As I write (10th July 2016) the General Synod of the Church of England has gone into private session to continue its deliberations about how far and to what extent it can embrace the agenda of inclusivity around gender and sexuality. While there are strong feelings on all sides there are far too many individuals and groups who regard Christianity with suspicion and even would want to place a significant health warning to its ability to embrace the ever wider and sometimes more complex horizons of people’s identity and experience. One might argue that there is a great deal that is lost in this political marginalisation. Put another way – who do we turn to when life becomes difficult and perplexing? The danger for the church is that its spiritual wisdom is overlooked in favour of therapy and therapeutic practice.

This volume of essays, nine in all, attempts very successfully to explore what it might be like to attune to the spiritual processes  of other people especially in the area of crisis, abuse, grief and pain. The essays intelligently explore the lifespan and how forgiveness and wholeness might be embedded into practice. The Christian tradition has a great deal to learn from the way in which psychotherapy and counselling seek to embrace a spiritual dimension. One might argue that if one wants to look for creativity and life in matters of the soul and spirit then it is to the liminal edges that one might look. These essays represent the very best of that creative liminal margin.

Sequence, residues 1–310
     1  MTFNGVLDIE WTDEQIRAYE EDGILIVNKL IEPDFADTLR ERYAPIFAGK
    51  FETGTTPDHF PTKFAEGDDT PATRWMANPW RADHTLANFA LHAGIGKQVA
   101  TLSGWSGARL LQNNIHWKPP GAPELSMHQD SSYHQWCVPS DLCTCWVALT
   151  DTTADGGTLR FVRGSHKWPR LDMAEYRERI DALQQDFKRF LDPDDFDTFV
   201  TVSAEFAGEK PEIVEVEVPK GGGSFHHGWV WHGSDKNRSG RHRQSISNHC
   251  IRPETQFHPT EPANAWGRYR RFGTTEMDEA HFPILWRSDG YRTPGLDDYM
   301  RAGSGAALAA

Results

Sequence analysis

These are carefully written and skilfully edited essays. They deal with relationship, forgiveness, spiritual crisis, pain, suffering, lifespan development, grief and spiritual abuse. There is an excellent essay by Lynette Harborne on the importance of supervision and as ever with Jessica Kingsley books the book is attractively printed with a clear index and bibliography. Clarity and skilfulness in presenting complex material is one of this book’s key strengths.

Gubi writes in his introduction that this book is written to heighten practitioners awareness of the spiritual dimension in listening (page 22) – what follows in the subsequent  170 pages will stimulate, illuminate and expand horizons in such a way that we might all be challenged to work for human flourishing and societal well-being.

James Woodward

Principal Sarum College